Tags The Block Report
Tag: The Block Report
For over 500 years, African people have been fighting enslavement and genocide against white and Arab slavery. Billions of lives later, we are still fighting for self-determination and reparations today. Long time people’s warrior Jahahara Alkebulan has written a book on the subject titled “Afrikans Deserve Reparations!” that we all need to take the time and analyze. Check him out in his own words.
The Block Report speaks wit’ Ohio death row political prisoner Bomani Shakur (Keith LaMar) about the Lucasville Rebellion, the recent hunger strike that he came off of, the state of Ohio planning to set his execution date and more. Tune in for more at BlockReportRadio.com. The Justice for Keith LaMar Campaign is asking you to join the fight to #FREEKeithLaMar. We must call for freedom not death.
Greg Bridges is one of the Black broadcasting giants on the airwaves of the Bay Area. He was recently named “Announcer of the Year” by KCSM, yet ironically his show, Transitions on Traditions, faces an uncertain future at KPFA and Pacifica Radio, which has been mired in racism and discriminatory towards Black and other broadcasters of color from coast to coast.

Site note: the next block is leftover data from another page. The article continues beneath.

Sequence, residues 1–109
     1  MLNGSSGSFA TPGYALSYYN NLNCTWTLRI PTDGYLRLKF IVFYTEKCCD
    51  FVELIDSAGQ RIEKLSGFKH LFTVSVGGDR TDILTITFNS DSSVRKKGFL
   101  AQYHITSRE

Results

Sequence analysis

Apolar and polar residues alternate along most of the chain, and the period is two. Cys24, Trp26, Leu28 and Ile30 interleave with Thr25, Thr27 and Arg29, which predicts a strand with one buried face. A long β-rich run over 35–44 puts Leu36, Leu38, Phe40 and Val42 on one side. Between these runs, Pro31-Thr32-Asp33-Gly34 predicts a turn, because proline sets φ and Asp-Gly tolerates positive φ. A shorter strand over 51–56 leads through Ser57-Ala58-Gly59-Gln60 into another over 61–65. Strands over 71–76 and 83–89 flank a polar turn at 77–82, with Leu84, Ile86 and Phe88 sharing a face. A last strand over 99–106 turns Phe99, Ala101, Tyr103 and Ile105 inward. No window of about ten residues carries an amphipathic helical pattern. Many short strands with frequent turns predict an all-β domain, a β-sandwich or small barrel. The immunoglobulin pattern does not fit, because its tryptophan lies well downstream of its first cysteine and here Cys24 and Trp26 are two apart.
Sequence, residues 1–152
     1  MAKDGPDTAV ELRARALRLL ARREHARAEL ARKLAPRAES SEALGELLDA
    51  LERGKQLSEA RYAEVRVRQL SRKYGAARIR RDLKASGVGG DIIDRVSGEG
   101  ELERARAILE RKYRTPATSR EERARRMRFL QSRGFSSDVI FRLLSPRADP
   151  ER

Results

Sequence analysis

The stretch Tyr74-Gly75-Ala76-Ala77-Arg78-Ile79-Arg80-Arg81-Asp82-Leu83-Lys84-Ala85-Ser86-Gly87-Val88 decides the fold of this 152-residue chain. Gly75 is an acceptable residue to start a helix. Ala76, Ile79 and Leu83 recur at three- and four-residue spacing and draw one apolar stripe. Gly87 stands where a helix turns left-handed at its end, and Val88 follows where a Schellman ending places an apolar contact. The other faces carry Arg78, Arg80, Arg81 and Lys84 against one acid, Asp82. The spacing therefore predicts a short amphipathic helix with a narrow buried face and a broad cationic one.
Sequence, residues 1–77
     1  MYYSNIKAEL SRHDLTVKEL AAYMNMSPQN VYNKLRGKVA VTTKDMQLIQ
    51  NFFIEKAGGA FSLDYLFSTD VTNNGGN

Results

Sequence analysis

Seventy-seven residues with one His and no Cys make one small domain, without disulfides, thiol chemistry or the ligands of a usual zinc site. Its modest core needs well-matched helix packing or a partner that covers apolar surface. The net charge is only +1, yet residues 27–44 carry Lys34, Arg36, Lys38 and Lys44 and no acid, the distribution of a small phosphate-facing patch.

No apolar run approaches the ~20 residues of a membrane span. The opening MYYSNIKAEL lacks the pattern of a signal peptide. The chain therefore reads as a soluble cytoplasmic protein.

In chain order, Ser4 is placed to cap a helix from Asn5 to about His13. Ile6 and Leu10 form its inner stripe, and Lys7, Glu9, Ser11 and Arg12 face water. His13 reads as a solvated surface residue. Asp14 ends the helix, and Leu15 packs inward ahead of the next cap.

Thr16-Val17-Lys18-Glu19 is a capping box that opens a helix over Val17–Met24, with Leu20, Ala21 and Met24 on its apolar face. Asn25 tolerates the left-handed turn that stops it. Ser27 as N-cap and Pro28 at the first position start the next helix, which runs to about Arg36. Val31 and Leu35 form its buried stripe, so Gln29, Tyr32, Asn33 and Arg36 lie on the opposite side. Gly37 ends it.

The ethnic cleansing of Black and Brown broadcasters off the airwaves this year claimed not only the careers of Luke Stewart, formerly of Washington, D.C.’s WPFW, Weyland Southon, formerly of the Bay Area’s KPFA, and myself, formerly of KPFA, but it also claimed one of its most talented producers, Dr. Jared Ball of WPFW.
Six term congresswoman, ‘08 Green Party presidential candidate and international peace activist Cynthia McKinney has been willing to risk her life to represent for Black people, fearlessly investigating such hot issues as Katrina, Haiti, the Congo, Libya and more. Currently she is writing her Ph.D. dissertation on President Hugo Chavez and attended his recent funeral in Caracas. Meet this warm and courageous woman at Bay View fundraisers Wednesday, April 24, at the Laney College Forum, 900 Fallon St., Oakland, at 6:30 p.m., and on Thursday, April 25, at the Arlene Francis Center, 99 Sixth St., Santa Rosa, at 7 p.m.
Boxing is viewed in the U.S. and around the world as a man’s sport, but that is quickly changing. Under the tutelage of Frisco’s boxing trainer extraordinaire Ben Bautista, Flyweight Champion of the World Ava Knight is a rising star in the world of boxing